Again, I used the “Play” control and the ← and → keys to find the exact spot where I wanted my cut to end. Once I’ve found this spot, I now want to get rid of everything after that. The function to do that is Trim End. Again, this is under the top Edit menu. Once I’ve done this, all that remains is the 17 seconds (or so) that will be my ringtone.
Play your ringtone through to make sure it sounds like you want it to. Just as with most applications, Wavepad lets you “back up” if you’ve made a mistake; just use the “Undo” button up top to go back as many steps as you need to fix your error. If everything sounds good, click on “Save” to finalize your masterpiece.
I won’t go into uploading the ringtone to your phone, as that depends on your phone model and service provider. There are multiple methods for doing this, but the most common are:
- Plug your phone into your computer via a USB connection and upload the ringtone directly.
- Email ringtone to your phone as a text message.
- Remove memory card from phone, load the ringtone onto the memory card, then plug the memory card back in.
I hope you have fun with this process! The most important thing to do first is save the file with a different name. That way you don’t destroy your original sound file. Other than that, don’t be afraid to experiment. You can always “Undo” any mistakes, or start again from scratch. The way you learn is by trying. And be sure to leave a comment if you have any questions or suggestions!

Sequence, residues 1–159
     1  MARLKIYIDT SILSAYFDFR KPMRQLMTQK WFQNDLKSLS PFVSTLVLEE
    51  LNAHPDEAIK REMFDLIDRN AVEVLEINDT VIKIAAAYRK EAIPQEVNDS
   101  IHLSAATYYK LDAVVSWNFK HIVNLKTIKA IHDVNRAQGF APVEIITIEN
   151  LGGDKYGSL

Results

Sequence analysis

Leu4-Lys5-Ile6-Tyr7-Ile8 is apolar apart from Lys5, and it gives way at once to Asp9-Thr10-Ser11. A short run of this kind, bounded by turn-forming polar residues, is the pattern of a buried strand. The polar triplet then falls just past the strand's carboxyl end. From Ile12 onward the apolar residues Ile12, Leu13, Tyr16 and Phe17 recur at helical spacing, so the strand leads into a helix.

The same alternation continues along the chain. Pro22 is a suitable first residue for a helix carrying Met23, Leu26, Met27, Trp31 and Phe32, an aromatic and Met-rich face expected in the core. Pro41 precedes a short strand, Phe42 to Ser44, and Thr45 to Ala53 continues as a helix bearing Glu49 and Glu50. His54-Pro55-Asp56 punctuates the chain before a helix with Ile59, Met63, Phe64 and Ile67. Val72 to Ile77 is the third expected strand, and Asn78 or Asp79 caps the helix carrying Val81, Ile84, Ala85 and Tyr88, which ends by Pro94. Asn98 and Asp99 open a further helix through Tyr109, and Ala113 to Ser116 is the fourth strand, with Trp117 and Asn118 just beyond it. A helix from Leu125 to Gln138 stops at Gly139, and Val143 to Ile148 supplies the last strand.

There are many, many other things you can do to “spice up” your ringtones. You can add echoes, change speed, cut-and-paste different parts of a song together, repeat sections…the possibilities are virtually limitless. I’m going to show you two small effects that can make your ringtones sound classier: Fade-In and Fade-Out.
Perhaps the portion of the song you’ve chosen doesn’t have a “perfect” entry or exit point for the ringtone, or maybe the start or end sounds abrupt or harsh. To fix this we can use the same process that radio DJs have used forever to smooth transitions: the fade. Let’s use the same segment that we worked on above.
I want to find a very specific point in the song, the point where Roth starts to say, “Here I am, ain’t…” This comes right about 1.1 seconds into my ringtone. I used a little different technique to isolate this point. The <Spacebar> key activates the “Scrub” function. “Scrubbing” constantly plays the tone of the current location in the audio file; that is to say, even when you’re stopped at a certain point, the sound keeps playing. You can then use the ← and → arrow keys to “scrub” through the song to find the exact point where a certain sound – in this case, the word, “Here” – begins. It takes a little getting used to, but experiment with it.
When I find the appropriate point in the song, I now want to “Fade In” to that point. “Fade In” starts the volume of the selected area at zero, and then brings it up to normal volume at the end of the selection – just like you were turning up the volume on your stereo. You can make a selection in several ways: using your mouse, using the keyboard (utilizing the <Shift> key and arrows), or via menu options. In this case, I decided to use the menu option Edit – Select to Start. This highlights the first 1.1 seconds of the song like so:
In order to fade this selection in to full volume, I choose Effects – Fade In from the top menu. This now alters the appearance of the selection. See how the sound wave in the selected area ramps up from zero?
The same technique is used to fade out the end of the ringtone. Here I’ve decided to fade out from 16 seconds to the end of the track. This time I use the Edit top menu again and choose Select to End to arrive here:
Now we’re going to fade out the end of the song, just like gradually turning the volume down to zero. Choose Effects – Fade Out from the top menu to arrive here. Note now how the sound wave gradually decreases to zero.
And that’s it! Make sure to choose “Save” again to keep your hard work, and you’re ready to load it onto your phone. Happy rings!